Poy Sang Long Festival

The Poy Sang Long tradition, also known as the Novice Ordination, holds great significance in Shan culture and has been a cherished practice for many generations. This tradition is rooted in the belief that participating in the ordination as a novice or monk in Buddhism brings about substantial merit. The Poy Sang Long tradition has been observed for hundreds of years, tracing its origins back to the migration of the Shan people into the region. This important tradition is typically held during the months of March and April, which coincide with school vacations and offer a break from agricultural work. The timing ensures that families and communities can devote their full attention to the preparation and execution of the event. The Poy Sang Long tradition is a complex and elaborate affair that involves meticulous planning and various stages. It takes about a month to prepare for the event, and it requires a considerable amount of resources and expertise. People with knowledge in different aspects, such as rituals, customs, and event coordination, come together to ensure the success of the tradition. Given the intricate nature of the tradition, it is not only a spiritual event but also a cultural and social occasion that brings the community together. The ordination process itself is a significant step in a young person’s life, marking their commitment to a life of Buddhist practice and discipline.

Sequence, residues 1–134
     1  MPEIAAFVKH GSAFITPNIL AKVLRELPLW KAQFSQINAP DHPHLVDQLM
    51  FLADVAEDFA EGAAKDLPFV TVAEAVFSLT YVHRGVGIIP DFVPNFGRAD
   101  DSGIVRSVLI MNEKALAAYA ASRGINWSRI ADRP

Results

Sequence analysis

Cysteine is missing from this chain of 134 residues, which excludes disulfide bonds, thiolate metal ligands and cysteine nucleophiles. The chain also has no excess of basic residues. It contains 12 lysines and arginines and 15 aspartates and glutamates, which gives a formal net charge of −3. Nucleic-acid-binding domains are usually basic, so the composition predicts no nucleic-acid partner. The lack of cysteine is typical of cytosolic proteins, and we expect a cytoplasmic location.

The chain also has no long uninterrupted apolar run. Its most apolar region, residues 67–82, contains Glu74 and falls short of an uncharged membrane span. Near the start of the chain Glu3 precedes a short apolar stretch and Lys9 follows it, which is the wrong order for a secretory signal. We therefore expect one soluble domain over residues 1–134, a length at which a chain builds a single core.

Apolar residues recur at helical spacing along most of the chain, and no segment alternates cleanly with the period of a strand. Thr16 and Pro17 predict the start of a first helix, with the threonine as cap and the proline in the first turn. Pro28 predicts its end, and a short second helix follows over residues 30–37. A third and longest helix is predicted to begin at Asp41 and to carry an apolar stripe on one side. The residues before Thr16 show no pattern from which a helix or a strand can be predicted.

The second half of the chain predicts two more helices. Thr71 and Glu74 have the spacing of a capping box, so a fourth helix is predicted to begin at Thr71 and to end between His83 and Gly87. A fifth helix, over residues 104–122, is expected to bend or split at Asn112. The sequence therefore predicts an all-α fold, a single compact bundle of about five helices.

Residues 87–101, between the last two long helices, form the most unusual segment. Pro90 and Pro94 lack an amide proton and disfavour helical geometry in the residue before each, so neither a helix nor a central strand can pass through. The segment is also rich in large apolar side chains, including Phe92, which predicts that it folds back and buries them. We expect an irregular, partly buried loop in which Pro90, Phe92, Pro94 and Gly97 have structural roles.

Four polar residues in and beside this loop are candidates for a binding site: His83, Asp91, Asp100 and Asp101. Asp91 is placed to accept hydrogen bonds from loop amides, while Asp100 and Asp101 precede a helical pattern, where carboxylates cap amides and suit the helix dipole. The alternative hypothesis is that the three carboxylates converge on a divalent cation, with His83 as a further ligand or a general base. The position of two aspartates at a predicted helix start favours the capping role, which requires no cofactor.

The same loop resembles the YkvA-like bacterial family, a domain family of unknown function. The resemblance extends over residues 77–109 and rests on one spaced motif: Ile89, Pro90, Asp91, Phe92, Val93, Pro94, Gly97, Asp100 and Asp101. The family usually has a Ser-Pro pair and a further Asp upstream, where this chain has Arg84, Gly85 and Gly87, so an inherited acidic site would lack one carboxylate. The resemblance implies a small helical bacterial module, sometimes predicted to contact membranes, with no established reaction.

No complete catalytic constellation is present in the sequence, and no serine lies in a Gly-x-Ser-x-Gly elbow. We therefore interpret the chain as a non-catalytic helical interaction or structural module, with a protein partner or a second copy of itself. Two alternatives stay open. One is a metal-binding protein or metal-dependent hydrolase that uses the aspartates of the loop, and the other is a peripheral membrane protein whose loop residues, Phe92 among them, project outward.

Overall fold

The meticulous preparation and coordination involved in the Poy Sang Long tradition showcase the deep respect and commitment of the Shan community towards this significant cultural and spiritual event. The process of organizing the tradition involves multiple steps, each contributing to the successful execution of the ceremony. Once an agreement is reached to arrange the Poy Sang Long tradition, the hosts come together for a discussion and consultation meeting. This ensures that everyone is on the same page and understands their roles and responsibilities. Various aspects are considered, including the alms, ceremonial instruments like drums and fanfare machines, and the individuals who will play different roles during the event. Preparations also extend to people who will carry out specific functions during the tradition. This includes those responsible for preparing the monks’ meals, as well as those who will participate in the ceremony itself. The mentors of Sang Long, known as Tapae Sang Long, play a crucial role. They are tasked with caring for Sang Long’s needs, such as bathing, dressing, feeding, and ensuring his security throughout the event. Typically, each Sang Long is supported by 2-4 mentors. The next step involves presenting Sang Long to the abbot. This is done by Sang Long’s parents, and it signifies the formal initiation of the training process. The abbot takes on the responsibility of training Sang Long and guiding them through the practice of memorizing the ordination blessing. This training typically takes place over a period of 7-10 days leading up to the actual commencement of the ceremony.